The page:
Wed, Sep 08, 2010 - Page 1 News List

Court cracks down on sex offenders

LENIENTThe Supreme Court strengthened penalties in cases involving sexual assaults on minors after a string of recent cases saw sex offenders receive short sentences

By Rich Chang and Flora Wang  /  STAFF REPORTERS

Amid efforts to strengthen laws to protect children from sexual abuse, the Supreme Court yesterday announced that effective immediately, offenses involving sexual assault on children under the age of seven will result in a minimum sentence of seven years in prison.

The ruling was made at the conclusion of a criminal courts’ conference, the highest authority on criminal matters.

The seven-year sentence will apply regardless of whether the offense is believed to have been made against the victim’s will or not, the court said.

Sexual assault on children between the ages of seven and 14 will result in sentences of three to 10 years if the act is judged to have been consensual, it said.

The Supreme Court said that the decision would set a precedent, which the Supreme Court and lower courts must follow suit.

Meanwhile, on the legislative front, Chinese Nationalist Party (KMT) and Democratic Progressive Party (DPP) lawmakers agreed to prioritize a number of bills in the fall legislative session aimed at providing children with better protection against sexual abuse.

KMT caucus chief deputy ­secretary-general Hsieh Kuo-liang (謝國樑) said he was in favor of the ­proposals topping the agenda when legislators reconvene for the fall session, which is ­scheduled to resume on Sept. 24.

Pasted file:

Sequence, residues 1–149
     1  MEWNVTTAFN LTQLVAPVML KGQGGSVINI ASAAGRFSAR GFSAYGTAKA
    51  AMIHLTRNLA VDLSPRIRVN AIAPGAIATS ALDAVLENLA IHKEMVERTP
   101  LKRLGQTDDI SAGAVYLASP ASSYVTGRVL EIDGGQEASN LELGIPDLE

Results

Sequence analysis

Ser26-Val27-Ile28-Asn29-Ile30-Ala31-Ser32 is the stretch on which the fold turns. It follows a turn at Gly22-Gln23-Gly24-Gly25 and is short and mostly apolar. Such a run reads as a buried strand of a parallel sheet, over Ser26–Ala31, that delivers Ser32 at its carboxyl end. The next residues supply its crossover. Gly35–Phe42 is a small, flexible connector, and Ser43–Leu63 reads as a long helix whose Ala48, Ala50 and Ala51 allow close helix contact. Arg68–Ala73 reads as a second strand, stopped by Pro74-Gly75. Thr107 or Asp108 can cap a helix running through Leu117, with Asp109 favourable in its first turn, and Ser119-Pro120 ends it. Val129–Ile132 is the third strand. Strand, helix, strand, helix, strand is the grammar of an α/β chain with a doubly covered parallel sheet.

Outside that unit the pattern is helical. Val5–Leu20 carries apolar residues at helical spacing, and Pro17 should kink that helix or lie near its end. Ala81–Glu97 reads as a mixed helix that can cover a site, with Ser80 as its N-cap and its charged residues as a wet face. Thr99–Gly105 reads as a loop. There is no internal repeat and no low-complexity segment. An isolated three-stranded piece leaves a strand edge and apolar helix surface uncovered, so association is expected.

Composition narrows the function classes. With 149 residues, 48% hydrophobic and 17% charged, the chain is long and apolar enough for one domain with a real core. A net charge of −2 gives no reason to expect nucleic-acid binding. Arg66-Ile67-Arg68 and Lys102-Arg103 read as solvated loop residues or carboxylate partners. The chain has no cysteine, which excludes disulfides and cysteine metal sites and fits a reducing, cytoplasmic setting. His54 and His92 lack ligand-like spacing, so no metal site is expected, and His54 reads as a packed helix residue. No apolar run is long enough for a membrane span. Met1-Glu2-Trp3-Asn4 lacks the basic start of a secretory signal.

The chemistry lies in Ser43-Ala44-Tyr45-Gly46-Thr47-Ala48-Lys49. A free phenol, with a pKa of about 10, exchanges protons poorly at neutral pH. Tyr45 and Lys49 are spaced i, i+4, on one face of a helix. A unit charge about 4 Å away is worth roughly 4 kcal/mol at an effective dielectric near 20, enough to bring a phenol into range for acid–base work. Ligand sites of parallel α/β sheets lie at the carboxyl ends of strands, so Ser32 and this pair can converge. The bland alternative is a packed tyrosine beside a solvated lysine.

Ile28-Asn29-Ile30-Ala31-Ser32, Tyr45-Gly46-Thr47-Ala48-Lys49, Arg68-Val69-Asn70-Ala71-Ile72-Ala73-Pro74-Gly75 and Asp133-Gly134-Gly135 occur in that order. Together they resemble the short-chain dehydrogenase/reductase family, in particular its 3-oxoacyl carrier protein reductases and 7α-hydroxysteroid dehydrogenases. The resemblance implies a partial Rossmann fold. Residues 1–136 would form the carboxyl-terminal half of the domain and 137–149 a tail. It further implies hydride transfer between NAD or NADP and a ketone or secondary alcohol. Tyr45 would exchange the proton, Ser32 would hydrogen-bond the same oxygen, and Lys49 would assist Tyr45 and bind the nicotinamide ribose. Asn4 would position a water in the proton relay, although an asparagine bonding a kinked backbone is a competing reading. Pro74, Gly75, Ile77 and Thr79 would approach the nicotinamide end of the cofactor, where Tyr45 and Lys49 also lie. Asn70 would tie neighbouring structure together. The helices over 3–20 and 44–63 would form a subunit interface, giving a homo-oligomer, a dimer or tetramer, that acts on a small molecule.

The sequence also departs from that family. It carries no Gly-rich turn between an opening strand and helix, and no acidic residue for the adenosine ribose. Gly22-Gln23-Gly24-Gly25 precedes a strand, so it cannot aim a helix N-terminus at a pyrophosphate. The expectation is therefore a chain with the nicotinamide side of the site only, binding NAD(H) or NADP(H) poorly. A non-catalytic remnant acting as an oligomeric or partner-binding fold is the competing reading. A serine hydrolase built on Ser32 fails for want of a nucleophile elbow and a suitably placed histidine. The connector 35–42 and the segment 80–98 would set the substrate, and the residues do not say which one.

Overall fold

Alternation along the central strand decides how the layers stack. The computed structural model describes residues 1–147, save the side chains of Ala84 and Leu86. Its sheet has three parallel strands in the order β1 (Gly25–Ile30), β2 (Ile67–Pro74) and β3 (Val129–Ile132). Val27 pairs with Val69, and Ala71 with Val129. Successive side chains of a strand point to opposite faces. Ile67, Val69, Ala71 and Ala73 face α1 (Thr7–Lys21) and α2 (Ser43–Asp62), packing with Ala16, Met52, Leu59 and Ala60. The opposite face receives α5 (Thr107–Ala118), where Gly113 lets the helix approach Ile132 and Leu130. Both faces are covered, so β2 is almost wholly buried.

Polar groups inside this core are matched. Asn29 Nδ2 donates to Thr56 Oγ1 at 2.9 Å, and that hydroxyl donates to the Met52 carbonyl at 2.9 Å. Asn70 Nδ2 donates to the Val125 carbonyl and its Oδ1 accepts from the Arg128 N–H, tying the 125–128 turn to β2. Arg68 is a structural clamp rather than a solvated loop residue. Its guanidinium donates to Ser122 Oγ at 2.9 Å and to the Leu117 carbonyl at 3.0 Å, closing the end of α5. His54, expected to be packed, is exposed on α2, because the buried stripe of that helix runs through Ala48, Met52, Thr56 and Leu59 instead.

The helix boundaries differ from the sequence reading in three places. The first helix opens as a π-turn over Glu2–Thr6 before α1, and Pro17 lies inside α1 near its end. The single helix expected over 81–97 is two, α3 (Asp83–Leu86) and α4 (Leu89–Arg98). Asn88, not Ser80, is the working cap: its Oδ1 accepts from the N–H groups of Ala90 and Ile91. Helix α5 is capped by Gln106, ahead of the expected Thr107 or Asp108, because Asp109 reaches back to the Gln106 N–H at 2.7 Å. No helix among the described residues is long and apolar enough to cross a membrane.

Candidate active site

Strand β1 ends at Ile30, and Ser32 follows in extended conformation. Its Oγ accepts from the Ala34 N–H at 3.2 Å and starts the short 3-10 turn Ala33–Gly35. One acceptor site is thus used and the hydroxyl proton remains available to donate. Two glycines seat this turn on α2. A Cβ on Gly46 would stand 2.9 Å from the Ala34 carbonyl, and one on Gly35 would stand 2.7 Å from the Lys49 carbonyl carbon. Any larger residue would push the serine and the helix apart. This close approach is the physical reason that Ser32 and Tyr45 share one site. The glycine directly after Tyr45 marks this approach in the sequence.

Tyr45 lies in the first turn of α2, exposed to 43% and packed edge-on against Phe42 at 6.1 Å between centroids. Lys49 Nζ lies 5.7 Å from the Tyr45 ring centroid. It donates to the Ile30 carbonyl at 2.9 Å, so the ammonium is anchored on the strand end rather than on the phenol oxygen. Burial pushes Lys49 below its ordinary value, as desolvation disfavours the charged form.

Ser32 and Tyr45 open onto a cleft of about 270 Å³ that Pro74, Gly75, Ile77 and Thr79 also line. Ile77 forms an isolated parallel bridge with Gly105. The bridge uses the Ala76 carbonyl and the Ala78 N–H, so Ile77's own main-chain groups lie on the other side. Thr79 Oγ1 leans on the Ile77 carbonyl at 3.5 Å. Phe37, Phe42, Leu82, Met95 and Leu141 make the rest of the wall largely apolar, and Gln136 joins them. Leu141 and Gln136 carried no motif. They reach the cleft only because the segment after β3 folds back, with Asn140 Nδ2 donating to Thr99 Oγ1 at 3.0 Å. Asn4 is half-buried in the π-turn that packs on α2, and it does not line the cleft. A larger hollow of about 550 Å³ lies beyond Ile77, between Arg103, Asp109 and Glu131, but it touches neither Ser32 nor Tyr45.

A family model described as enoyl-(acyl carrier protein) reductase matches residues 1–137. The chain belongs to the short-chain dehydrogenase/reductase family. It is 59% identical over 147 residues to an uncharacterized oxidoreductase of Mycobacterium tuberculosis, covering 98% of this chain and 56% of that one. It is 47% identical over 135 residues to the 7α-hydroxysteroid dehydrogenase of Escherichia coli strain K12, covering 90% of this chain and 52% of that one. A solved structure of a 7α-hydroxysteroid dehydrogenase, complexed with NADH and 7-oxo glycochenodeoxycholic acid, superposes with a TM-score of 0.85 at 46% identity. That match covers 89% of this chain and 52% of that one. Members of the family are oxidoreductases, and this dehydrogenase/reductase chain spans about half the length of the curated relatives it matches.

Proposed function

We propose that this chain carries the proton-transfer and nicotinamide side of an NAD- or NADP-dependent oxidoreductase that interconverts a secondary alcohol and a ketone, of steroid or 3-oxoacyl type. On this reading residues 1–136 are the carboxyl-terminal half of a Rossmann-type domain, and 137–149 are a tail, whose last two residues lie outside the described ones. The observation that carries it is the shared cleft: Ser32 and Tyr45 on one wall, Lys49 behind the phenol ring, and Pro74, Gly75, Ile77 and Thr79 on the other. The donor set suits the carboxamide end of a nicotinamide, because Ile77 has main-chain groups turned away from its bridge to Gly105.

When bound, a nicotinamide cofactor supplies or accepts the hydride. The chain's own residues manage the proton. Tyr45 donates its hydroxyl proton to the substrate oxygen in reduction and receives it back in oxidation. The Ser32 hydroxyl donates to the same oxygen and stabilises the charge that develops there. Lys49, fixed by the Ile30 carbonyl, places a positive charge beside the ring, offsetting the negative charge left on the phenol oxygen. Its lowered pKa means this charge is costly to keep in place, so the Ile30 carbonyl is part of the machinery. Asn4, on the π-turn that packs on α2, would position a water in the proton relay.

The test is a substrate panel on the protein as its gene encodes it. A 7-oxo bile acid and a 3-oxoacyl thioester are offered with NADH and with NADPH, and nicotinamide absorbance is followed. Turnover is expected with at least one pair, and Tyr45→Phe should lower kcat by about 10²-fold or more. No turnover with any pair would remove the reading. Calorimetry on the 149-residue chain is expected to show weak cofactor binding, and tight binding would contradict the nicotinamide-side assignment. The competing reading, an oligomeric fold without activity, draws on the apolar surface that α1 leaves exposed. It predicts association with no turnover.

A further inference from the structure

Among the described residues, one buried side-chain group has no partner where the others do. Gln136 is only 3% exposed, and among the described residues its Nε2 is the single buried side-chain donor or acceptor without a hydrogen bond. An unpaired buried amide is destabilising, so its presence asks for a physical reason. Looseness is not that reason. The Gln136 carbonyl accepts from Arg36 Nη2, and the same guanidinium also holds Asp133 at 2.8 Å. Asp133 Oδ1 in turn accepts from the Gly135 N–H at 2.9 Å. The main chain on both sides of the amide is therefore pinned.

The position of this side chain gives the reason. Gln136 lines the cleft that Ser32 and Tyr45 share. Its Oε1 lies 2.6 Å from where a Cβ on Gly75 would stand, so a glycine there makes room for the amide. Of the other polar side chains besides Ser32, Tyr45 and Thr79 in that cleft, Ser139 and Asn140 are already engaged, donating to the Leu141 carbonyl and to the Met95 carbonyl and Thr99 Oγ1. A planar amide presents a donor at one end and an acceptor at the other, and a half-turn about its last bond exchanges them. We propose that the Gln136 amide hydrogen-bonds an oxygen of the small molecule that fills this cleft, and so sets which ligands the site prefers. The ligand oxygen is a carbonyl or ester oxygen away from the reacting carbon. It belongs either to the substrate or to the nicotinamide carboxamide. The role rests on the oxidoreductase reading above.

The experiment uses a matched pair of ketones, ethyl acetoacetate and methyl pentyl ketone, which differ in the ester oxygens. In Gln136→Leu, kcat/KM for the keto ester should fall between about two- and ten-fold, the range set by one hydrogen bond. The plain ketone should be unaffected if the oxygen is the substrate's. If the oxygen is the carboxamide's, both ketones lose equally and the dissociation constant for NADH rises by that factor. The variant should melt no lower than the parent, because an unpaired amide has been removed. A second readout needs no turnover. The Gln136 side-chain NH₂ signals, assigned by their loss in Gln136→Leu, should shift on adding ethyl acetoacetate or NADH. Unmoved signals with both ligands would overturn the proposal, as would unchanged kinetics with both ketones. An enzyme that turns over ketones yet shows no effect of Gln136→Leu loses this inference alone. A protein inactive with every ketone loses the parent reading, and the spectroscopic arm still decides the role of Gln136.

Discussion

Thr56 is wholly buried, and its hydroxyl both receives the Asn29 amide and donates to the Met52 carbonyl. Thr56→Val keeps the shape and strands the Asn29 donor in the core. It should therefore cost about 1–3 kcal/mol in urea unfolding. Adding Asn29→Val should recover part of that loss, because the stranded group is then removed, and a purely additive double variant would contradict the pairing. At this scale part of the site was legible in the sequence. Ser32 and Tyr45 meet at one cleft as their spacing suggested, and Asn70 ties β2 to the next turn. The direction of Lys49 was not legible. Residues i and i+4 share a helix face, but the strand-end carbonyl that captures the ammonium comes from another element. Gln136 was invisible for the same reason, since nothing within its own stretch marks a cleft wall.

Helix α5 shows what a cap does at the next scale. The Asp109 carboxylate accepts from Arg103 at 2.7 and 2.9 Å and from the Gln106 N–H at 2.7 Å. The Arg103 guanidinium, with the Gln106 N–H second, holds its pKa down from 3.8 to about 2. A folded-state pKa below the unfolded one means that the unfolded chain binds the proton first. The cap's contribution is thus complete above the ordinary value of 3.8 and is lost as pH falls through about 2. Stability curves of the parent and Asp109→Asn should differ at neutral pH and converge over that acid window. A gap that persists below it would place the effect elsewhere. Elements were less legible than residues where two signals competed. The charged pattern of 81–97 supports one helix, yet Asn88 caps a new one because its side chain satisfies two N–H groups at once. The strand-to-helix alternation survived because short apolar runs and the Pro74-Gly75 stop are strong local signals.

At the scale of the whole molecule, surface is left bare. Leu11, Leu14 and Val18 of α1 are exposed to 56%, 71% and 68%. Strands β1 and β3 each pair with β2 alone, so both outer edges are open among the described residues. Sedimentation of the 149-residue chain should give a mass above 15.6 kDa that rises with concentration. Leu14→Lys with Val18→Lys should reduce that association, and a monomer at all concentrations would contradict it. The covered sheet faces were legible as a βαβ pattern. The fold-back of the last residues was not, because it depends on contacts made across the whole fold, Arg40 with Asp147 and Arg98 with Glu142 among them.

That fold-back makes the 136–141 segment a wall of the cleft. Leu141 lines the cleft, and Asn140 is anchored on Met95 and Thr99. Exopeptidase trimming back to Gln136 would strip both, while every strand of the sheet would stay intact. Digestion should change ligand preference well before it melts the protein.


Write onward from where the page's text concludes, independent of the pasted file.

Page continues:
However, Hsieh, who serves as head of the Judiciary and Organic Laws and Statutes Committee, said legislators would have to spend more time deliberating on the degree of punishment for child molesters.

DPP Legislator Huang Wei-cher (黃偉哲) said the DPP caucus would prioritize a proposed amendment to the Sexual Abuse Prevention Act (性侵害防治法) to introduce a minimum of 20 years jail without parole and lifelong therapy and surveillance for offenders who abuse children under the age of 14.

The discussions came in ­response to a string of recent cases involving sexual assault on children that sparked public outrage after the offenders were given controversially light sentences.

In one case, a district court in Kaohsiung handed down a 38-month sentence — less than half of the sentence sought by prosecutors — for an offender on the grounds that the six-year-old victim “did not show strong will” in fighting off her attacker.

About 280,000 people have joined an online campaign on Facebook to demand that the judges in the cases be relieved.

In a separate case, the Supreme Court last week asked the Taiwan High Court to re-open the case of 55-year-old Wu Chin-yi (吳進義), who was sentenced to seven years and two months in prison by the High Court for sexually assaulting a three-year-old girl.

The Supreme Court said the High Court should consider whether Wu “had sex with a person under the age of 14” rather than committed “sexual assault” because the young girl did not resist the offender.

DPP Legislator Tien Chiu-chin (田秋堇) and KMT Legislator Yang Li-huan (楊麗環) have also proposed that the personal information of child sex predators made public after they get out of jail.

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